Salient: Victoria University Students' Paper. Vol. 28, No. 3. 1965.
Dr. Sutch: His Economic Consequences
Dr. Sutch: His Economic Consequences
Dr. Sutch has fallen, and with him an era ends. Last year's nine day wonder in New Zealand was his compulsory retirement from the position of Secretary of Industries and Commerce. This was seen by some as a preliminary step in the Government's plan to remove import controls and develop a more market-orientated economy. There is no doubt that the pro and anti Sutch schools will continue to debate.
More accurately, the debate about import controls and their role in promoting industrial development and protecting the balance of payments will continue, However, what has escaped notice in the debate has been the effect import controls have had in shifting a large slice of the National Income away from the wage and salary earner.
Consider for instance, the following figures on wages and salaries, and company profits in New Zealand over the last twelve years.
|wages and Salaries||Company profits|
Dr. Sutch, New Zealand's most prominent public servant was generally regarded as an inflexible opponent of any relaxation of import controls, and an advocate of "development in depth." During his reign as Secretary of the Department of Industries and Commerce he managed to persuade Governments of both parties to use import controls as a major weapon to promote industrial development in New Zealand. He was a vigorous and eloquent spokesman for the "mature economy" he wished New Zealand to become. However, most academic economist opposed his policies.
Behind the scenes, debate on the Sutch policy of import controls was bitter. His supporters regarded him as the man who began to push New Zealand into a modern era of industrial development. His opponents charged him with striving to achieve industrialisation at all costs, and doing more damage to the New Zealand economy than Khrushchev's virgin lands policy did to Russia. The anti-Sutch school pointed to the fact that be fore Dr. Sutch became Secretary of Industries and Commerce New Zealand had the third highest standard of living in the world By the end of the Sutch era New Zealand had slipped to sixth or seventh place.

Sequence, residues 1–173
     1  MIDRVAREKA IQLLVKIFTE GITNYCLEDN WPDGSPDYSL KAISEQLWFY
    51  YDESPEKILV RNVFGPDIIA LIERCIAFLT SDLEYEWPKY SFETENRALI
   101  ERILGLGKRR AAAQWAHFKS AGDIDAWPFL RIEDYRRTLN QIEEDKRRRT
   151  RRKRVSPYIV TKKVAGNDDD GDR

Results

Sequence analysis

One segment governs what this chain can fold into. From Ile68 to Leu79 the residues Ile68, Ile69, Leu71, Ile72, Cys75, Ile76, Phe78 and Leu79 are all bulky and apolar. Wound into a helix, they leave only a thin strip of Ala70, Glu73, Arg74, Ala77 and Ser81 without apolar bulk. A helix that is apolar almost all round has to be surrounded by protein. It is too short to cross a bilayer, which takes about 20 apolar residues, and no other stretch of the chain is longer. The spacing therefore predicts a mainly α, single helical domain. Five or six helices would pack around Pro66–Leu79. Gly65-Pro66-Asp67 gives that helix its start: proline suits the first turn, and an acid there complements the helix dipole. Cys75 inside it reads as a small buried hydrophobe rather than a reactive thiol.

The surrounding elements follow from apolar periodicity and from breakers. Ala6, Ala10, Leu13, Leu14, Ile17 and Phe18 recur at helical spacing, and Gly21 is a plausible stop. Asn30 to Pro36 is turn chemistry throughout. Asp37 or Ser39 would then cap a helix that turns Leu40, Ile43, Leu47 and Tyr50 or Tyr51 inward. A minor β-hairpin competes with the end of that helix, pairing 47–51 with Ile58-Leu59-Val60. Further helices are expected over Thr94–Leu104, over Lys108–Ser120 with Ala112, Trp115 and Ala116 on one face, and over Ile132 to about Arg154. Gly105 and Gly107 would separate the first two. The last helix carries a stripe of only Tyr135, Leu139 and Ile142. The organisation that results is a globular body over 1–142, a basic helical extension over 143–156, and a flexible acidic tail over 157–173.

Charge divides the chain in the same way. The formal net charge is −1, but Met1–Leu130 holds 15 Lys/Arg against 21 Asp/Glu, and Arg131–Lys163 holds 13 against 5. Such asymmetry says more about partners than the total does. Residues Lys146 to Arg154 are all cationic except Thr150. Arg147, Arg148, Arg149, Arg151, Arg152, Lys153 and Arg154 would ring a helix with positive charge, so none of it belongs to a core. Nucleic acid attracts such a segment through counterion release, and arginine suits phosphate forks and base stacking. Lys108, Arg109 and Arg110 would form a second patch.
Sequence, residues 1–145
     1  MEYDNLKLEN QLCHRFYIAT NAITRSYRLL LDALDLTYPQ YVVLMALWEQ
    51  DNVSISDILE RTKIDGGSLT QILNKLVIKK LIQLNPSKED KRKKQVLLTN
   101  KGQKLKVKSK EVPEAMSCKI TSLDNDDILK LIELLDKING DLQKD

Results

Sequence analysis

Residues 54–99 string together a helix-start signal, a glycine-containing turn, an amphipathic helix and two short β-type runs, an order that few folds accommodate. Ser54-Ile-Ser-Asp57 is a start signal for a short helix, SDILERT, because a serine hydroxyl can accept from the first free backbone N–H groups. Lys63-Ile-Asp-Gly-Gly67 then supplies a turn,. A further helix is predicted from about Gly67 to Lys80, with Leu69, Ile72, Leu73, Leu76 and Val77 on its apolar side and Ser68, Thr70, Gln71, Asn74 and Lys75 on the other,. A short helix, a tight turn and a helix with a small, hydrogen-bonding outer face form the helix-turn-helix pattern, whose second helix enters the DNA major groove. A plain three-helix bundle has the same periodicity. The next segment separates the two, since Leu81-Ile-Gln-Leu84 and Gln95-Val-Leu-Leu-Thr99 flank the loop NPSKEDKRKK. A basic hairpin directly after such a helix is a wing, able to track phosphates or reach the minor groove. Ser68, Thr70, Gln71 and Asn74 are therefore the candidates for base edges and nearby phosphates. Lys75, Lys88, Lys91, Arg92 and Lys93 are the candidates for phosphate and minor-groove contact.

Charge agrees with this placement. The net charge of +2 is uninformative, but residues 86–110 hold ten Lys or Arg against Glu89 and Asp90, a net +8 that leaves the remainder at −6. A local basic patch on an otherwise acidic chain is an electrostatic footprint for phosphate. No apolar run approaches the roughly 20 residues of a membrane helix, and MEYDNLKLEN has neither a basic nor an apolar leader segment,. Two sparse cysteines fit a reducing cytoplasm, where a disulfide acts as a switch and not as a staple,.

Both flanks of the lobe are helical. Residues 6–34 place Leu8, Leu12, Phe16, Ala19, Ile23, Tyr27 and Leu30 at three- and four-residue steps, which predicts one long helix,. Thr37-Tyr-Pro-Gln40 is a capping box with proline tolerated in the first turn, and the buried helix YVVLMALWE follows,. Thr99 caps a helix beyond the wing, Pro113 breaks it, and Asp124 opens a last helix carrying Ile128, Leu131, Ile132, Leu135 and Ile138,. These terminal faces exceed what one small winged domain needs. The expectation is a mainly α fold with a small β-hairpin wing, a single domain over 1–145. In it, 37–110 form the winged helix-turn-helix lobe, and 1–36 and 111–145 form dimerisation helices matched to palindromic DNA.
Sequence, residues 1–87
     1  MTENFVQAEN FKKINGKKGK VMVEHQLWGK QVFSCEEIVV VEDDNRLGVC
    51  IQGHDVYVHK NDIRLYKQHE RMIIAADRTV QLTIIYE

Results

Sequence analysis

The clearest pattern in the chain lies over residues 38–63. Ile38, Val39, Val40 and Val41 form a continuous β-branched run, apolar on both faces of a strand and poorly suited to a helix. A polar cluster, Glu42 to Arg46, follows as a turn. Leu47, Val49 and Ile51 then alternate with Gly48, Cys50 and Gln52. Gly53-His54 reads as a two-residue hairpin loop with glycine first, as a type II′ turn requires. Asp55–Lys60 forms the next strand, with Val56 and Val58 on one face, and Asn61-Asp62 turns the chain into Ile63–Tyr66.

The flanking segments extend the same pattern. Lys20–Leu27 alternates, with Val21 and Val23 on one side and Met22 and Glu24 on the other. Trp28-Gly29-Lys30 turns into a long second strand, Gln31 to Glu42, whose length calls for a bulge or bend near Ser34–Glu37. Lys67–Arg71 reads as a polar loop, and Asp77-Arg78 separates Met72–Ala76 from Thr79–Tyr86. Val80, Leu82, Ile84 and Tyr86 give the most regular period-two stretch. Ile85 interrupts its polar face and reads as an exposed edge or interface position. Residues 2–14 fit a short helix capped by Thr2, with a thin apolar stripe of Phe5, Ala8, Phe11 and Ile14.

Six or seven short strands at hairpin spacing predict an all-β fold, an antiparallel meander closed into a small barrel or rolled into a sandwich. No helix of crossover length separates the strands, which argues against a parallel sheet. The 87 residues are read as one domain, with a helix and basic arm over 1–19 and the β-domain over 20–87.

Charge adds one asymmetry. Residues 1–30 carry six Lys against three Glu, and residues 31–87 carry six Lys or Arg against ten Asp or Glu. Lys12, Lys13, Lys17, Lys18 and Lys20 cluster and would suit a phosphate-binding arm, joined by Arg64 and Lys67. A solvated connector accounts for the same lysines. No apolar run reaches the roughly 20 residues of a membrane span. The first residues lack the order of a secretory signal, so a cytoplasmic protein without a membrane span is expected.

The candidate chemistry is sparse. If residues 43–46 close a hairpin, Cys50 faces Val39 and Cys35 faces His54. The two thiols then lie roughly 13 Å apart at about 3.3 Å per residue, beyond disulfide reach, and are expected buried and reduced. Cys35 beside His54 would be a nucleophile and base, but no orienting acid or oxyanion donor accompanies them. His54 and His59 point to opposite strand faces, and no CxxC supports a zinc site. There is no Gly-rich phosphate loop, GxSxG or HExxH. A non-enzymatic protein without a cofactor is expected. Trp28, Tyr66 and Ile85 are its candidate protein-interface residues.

In the six years between 1951-52 and 1957-58 when import controls were being gradually dismantled, company profits rose only 32.5 per cent while salaries and wages soared by 62.8 per cent. In the six years after 1957-58 when import controls gave a lush protected market to the New Zealand manufacturer, company profits soared 68.9 per cent while wages and salaries grew only 45.3 per cent. All these figures of course only partially represent real gains because of inflation, but the relative comparability remains. The re-imposition of comprehensive import controls in 1958 was followed by a continued shift in the national income towards the profits sector.
A further cause for apprehension in this shift was the extent to which these extra profits went to foreign investors. Even during the period of dismantling of import controls prior to 1958 foreign investors were increasing their share of company profits. After 1958 this movement accelerated. The protected New Zealand market became a paradise for foreign companies setting up branch plants, and for foreign investors to make take-over bids. The inflow of foreign capital into New Zealand speeded up, and profits soared. In the six years after 1957-58 income from direct investment in New Zealand more than doubled to reach a total of £23.2 million in 1963-64. Thus one consequence of the Sutch attempt to make New Zealand less reliant on overseas trade was to hand over a larger share of our National Income to foreign investors.
Income from direct overseas investment in New Zealand:
It is one of the ironies of New Zealand political history that it was a Labour Government which brought in policies which shifted part of the National Income away from the workers. It is a further irony that Dr. Sutch. long known for his left wing and humanitarian views was the chief architect of these policies.—D. A. P.